Here’s the good news about America: ethnic background doesn’t matter, in terms of being successful, provided you put the work in. In point of fact, Hispanics tend to be one of the most successful minority groups pertaining to small business operations in the country. Did you know Latino business owners are the fastest growing group in the country?
Now granted, it’s important to differentiate between terms. “Latinos” are those who speak English fluently, or as a native language, while Hispanics have Spanish as their fluent, native language. So Latinos in America may be second-generation Hispanics, if you will. Though the terms are used interchangeably often, there is a distinction.
Despite the distinction, the fact stands: if you’ve got a Hispanic or Latino background, things are looking good for you as regards starting a successful small business in America. Your biggest barrier will be the language issue. English is the native language in America; but given the growing Hispanic influence, in many regions, both languages are spoken by customers.
For example, in South California, you probably don’t need to worry too much whether your store is primarily English or Spanish in its focus on the community; you’ll likely get the same amount of traffic either way. That will change slightly if you’re in the midwest. Accordingly, this writing will cover a few more pointers on getting your Hispanic business started.
Use Available Resources
Something to consider in America is that, for the most part—especially as you get away from the coasts—communities both welcome and encourage small businesses. Some of the following tips will apply regardless of your ethnic heritage. For example, if you’re going to start a small business, at some point you should check in with your local Chamber of Commerce.
As a small business, you need to buy supplies. If you don’t need to buy supplies owing to service-related offerings, then you need to buy marketing. The point is, at some juncture, you need to work with other businesses to get yours off the ground. You might work a trade, for example. The Chamber of Commerce can help get you started.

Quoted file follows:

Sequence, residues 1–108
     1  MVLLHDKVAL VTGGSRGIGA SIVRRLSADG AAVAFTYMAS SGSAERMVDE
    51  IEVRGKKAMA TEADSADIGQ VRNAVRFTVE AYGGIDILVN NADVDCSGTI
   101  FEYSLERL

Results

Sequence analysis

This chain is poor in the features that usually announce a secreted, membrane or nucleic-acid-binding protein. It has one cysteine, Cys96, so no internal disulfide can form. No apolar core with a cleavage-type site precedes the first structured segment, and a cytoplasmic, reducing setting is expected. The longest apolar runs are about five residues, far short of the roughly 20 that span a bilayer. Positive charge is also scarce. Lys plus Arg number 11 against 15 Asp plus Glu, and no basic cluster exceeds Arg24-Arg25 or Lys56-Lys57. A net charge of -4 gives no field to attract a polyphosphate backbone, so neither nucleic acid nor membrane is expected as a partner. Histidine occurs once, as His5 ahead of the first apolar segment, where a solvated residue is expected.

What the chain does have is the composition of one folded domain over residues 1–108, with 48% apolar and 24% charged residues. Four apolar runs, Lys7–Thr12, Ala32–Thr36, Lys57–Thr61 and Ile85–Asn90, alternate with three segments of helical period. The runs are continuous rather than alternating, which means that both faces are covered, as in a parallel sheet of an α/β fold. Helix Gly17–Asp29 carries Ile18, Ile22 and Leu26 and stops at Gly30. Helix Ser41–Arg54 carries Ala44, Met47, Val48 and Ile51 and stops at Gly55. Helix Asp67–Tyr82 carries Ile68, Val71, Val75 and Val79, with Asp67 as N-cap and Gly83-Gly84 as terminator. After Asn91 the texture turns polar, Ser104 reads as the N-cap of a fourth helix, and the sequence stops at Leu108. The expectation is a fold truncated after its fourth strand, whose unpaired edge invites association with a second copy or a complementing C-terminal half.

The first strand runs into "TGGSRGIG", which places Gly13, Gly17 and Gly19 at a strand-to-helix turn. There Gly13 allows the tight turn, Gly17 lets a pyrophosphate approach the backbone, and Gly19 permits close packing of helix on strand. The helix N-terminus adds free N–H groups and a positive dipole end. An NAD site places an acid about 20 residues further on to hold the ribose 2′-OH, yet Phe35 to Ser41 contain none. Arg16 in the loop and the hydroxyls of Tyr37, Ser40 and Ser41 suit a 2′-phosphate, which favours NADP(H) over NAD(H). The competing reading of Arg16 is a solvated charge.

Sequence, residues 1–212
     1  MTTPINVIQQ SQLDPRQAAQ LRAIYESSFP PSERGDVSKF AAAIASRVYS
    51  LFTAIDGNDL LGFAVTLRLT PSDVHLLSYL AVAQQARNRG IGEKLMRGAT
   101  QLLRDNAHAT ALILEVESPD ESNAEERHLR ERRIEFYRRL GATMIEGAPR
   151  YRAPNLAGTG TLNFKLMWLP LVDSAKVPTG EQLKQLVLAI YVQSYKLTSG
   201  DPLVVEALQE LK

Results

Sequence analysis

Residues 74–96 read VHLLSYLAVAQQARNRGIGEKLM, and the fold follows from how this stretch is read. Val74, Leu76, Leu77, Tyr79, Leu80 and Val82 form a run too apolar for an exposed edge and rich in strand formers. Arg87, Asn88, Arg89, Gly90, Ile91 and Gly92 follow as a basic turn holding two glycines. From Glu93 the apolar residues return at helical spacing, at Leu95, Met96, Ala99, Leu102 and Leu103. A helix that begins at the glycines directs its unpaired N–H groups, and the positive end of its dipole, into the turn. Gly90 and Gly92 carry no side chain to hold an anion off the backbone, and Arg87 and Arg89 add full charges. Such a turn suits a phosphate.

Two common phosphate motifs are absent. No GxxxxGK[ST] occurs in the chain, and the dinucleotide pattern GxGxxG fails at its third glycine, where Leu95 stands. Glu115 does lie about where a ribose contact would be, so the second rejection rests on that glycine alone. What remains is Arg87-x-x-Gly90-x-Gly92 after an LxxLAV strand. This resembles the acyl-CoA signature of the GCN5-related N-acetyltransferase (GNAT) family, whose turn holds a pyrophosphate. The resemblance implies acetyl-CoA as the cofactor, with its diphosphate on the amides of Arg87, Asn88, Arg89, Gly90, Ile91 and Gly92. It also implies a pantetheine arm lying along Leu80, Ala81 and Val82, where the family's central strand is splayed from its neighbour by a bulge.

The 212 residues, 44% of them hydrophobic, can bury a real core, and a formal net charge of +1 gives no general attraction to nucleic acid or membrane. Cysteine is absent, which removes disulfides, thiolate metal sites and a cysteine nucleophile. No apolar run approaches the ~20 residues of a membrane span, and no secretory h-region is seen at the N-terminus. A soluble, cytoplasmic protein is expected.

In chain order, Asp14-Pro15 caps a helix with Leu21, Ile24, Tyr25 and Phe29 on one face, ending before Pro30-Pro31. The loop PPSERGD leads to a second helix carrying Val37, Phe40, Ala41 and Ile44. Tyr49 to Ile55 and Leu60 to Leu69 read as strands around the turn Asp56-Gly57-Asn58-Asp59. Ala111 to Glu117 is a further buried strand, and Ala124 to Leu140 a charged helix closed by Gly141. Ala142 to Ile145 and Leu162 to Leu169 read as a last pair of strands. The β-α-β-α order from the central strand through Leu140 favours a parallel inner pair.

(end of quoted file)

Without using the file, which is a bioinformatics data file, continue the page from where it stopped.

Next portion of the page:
Legal Trade Arrangements
Imagine there’s a local advertiser who distributes a monthly periodical that sells, say, cars. Many small towns have such periodicals, and many residents still read them despite the internet. Millions of people in America don’t use sites like Craigslist to sell vehicles or properties. In fact, there are millions in this country who specifically avoid such transactions.
How do they get exposure? Well, they may call up a local magazine like Anybody’s Autos, or something similar, and pay between $20 and $400 for an ad; depending on the size of the ad. Well, as a small Hispanic restaurant, you may work a trade. Perhaps the owner of the magazine gets $300 a month in dinners, provided he gives you a half-page ad every month.
That’s called a “trade” arrangement, and here’s the beauty of it: you get more for less without bringing any actual monetary transaction into the equation—it’s a win-win for everybody. As a small business, you definitely need a solid core clientele; but you also need to have as many business relationships like this as possible.
So you want to use resources like local peers in small business. You want to know what the Chamber of Commerce is up to—is there a new district in town opening up where there aren’t any Hispanic restaurants? They can help give you information about that, and assist you in choosing the best location for your new business.